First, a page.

#1
Hey all,

Been playing electric guitar for about 6 or so months now, and am one of those rare lefties. I have a left handed made fender and some cheap make les paul I get by with for my electrical needs.

Problem is I was given a very nice looking red burst acoustic guitar which is unfortunately for me a right hand guitar. I've managed to flip the bridge saddle the other way, but now the major concern for me is the Nut. Obviously for the thick e the nut is grooved in more and wider and so follows the appropriate indepth groove and width for each string. But since im stringing this the opposite way it seems like ( as i havent actually restringed it yet) this might be a major problem for the thick e to stay in place with such a small groove (as its taking the thin E strings place) and the thin E string might be lying right near the fret board because the groove is wide and deep (to accomadate the thick e).

The nut seems pretty stuck in place welded or glued but very firm. Is there anything I can do with the current nut to acommadate the reversal of strings or how would i got about replacing the nut? I would really like to keep the replacing as a extreme last resort as it seems like a hefty job to do as it seems pretty stuck in to the fretboard/headstock. So any ideas what to do with the current nut or if its even necessary, as I've never restrung reverse .

Many Thanks!
#2
flipping the nut might not be an option, because you'll line up the wider cut fine but the slope up to the fretboard might be facing the wrong way, making all the cuts too low.
and all the strings will buzz.

anyway, to get that nut out, you would want to heat it with a hair dryer, then score the sides with sharp knife and tap it out with a light hammer and screwdriver.

using the cuts as is might work if you use a crazy glue and baking soda mix, dabbing it into the wide cut to build it up for the smaller string and by using a light file in an upward slope up to the board to get the thick string in the thin cut.
Jenneh

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#3
Take it to a luthier (someone who works on stringed instruments) and have them replace the nut.It's a fairly easy and inexpensive procedure.
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#4
if it's easy then why wouldnt he do it himself.


i mean he can order the nut himself then swap it out, or he can try to string it the lefty way to see how it goes, working with the cuts, like said.

and the worst case, if he's not happy, he can still bring it into a tech.
Jenneh

Quote by TNfootballfan62
Jenny needs to sow her wild oats with random Gibsons and Taylors she picks up in bars before she settles down with a PRS.


Set up Questions? ...Q & A Thread

Recognised by the Official EG/GG&A/GB&C WTLT Lists 2011
Last edited by jj1565 at Jun 28, 2009,
#5
Thanks for the comments so far. Only problem that seems to be is the nut seems to have been glued pretty tightly and theres paint from the guitar coming to the root of it, which makes me fear if i attempt to remove it, it will crack the paint around it. I was gonna try put some araldite glue in the grooves. Another problem ive come across is the nut is in a slope so it's high where the thick e is, but quite low to the fret board where the thin e string is (on a normal right hand) so I fear putting the thick e on the low site might make it hit the frets and buzz, any idea's on that?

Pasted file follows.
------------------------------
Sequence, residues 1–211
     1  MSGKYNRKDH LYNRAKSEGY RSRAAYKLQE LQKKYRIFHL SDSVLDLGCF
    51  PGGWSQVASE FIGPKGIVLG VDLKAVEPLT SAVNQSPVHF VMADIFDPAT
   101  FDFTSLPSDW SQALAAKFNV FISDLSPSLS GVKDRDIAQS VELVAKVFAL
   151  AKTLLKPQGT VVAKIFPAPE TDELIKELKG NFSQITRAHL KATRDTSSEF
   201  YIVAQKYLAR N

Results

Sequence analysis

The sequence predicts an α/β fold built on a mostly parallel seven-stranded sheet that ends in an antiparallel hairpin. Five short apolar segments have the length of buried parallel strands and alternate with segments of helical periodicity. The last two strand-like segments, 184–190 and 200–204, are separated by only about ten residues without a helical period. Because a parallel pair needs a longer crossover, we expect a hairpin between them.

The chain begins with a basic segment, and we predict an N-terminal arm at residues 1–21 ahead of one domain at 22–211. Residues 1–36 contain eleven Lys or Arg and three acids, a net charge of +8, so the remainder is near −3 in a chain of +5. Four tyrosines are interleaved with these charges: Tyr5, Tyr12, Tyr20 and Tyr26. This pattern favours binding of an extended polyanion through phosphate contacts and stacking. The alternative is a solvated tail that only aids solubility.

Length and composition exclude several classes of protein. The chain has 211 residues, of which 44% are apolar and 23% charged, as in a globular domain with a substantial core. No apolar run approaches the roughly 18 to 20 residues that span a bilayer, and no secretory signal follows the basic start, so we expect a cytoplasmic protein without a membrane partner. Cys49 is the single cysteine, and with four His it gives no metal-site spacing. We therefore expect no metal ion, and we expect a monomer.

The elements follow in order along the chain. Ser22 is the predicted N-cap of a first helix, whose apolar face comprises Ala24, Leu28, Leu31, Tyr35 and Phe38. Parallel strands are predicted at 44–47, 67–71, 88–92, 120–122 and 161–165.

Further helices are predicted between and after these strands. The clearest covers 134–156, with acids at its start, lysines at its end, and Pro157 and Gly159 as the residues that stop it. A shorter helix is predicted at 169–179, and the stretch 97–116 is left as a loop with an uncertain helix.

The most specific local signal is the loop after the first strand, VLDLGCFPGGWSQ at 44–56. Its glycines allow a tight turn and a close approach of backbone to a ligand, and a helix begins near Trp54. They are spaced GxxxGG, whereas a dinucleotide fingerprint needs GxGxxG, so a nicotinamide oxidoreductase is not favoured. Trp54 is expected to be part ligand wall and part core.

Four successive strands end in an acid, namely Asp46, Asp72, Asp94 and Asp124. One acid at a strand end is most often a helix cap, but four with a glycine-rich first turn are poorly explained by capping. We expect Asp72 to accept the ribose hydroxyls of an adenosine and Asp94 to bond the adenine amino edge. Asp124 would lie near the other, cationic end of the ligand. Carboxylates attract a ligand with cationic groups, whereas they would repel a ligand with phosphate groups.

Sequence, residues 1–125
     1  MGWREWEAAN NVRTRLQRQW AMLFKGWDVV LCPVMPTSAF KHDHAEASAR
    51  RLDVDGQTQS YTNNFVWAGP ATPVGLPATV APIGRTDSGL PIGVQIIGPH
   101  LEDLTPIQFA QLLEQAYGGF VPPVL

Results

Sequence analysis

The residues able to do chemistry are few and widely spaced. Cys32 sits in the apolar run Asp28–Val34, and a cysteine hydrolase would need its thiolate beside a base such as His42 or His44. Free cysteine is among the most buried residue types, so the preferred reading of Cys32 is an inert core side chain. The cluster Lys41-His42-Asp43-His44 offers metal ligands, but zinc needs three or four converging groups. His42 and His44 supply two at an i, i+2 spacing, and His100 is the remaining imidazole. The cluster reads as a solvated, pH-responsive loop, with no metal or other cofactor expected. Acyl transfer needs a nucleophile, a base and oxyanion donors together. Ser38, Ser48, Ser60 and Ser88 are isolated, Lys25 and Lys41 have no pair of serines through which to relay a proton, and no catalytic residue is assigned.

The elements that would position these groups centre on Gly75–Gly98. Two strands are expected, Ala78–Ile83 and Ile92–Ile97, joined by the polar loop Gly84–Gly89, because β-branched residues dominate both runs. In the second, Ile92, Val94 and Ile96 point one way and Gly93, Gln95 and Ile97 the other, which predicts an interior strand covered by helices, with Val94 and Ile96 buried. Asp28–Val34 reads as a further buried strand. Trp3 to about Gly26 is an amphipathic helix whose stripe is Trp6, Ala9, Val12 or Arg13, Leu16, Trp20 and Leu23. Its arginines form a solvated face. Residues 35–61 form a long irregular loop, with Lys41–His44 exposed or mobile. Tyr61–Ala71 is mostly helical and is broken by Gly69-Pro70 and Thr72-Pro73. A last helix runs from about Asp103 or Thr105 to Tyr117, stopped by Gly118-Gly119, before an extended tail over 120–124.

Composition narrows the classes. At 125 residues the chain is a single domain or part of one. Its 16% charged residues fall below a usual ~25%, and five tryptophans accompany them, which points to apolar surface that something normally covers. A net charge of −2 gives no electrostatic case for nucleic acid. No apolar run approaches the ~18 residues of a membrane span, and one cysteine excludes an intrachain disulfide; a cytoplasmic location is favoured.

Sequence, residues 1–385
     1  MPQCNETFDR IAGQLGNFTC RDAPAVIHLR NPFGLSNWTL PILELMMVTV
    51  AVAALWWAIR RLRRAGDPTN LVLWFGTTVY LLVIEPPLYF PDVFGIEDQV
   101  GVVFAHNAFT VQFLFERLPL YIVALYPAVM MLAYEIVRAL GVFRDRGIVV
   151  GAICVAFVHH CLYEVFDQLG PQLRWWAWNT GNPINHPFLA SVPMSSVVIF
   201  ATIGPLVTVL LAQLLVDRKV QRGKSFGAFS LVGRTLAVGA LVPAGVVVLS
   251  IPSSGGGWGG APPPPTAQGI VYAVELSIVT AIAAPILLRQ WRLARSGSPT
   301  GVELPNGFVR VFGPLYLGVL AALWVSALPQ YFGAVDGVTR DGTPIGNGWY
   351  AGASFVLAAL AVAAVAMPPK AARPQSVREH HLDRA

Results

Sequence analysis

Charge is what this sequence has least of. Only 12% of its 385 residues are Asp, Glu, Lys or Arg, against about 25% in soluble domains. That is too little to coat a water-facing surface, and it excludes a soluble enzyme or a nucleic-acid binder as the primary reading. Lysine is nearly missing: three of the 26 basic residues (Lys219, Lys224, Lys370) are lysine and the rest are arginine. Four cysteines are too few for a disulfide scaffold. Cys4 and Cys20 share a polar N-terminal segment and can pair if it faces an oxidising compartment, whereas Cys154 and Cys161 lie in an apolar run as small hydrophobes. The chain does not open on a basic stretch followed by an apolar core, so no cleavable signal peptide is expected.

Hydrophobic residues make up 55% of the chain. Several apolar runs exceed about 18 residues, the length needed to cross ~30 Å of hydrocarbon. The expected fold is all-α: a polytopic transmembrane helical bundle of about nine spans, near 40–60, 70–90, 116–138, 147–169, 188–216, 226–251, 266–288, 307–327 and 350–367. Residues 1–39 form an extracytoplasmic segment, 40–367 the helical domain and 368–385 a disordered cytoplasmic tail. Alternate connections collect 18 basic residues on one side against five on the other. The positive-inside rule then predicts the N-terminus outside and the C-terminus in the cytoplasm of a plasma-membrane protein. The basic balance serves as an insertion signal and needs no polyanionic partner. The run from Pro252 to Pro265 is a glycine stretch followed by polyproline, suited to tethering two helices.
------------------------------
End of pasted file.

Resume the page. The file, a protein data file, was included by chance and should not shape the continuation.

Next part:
Also I've been made aware that in acoustic bridge guitars the saddle is angled. So far theres not much I can do about it, but I did turn the saddle the other way around, but nonetheless the groove for the saddle is angled (so the thick e string pin is closest to the saddle edge whilst the thin e string pin is furtherst to the saddle edge kind of a ":\" angle. Is this going to be a major problem with reverse stringing?
Last edited by Azaril000 at Jun 28, 2009,
#6
Quote by Azaril000
Thanks for the comments so far.


no problem

Only problem that seems to be is the nut seems to have been glued pretty tightly and theres paint from the guitar coming to the root of it, which makes me fear if i attempt to remove it, it will crack the paint around it.


if you really want it out, you use a sharp knife to score around the nut, to release it from the painted part, and heat it with a hair drier to loosen the glue.
then you tap it out.

I was gonna try put some araldite glue in the grooves.


a super glue / baking soda mix will work. perhaps your glue will too. no idea.

Another problem ive come across is the nut is in a slope so it's high where the thick e is, but quite low to the fret board where the thin e string is (on a normal right hand) so I fear putting the thick e on the low site might make it hit the frets and buzz, any idea's on that?


yeah, that's what i was talking about in my first post. you need to adjust the string heights and nut cut thicknesses, using the glue mixture and a file.

Also I've been made aware that in acoustic bridge guitars the saddle is angled. So far theres not much I can do about it, but I did turn the saddle the other way around, but nonetheless the groove for the saddle is angled (so the thick e string pin is closest to the saddle edge whilst the thin e string pin is furtherst to the saddle edge kind of a ":\" angle. Is this going to be a major problem with reverse stringing?


it's going to change the intonation.
Jenneh

Quote by TNfootballfan62
Jenny needs to sow her wild oats with random Gibsons and Taylors she picks up in bars before she settles down with a PRS.


Set up Questions? ...Q & A Thread

Recognised by the Official EG/GG&A/GB&C WTLT Lists 2011
#7
Personally, I would just take it to a tech and have him replace it. Cutting a new nut isn't super-difficult--as long as you have a set of nut files(lotso moneys).
I dont think that turning the current nut around would work very well....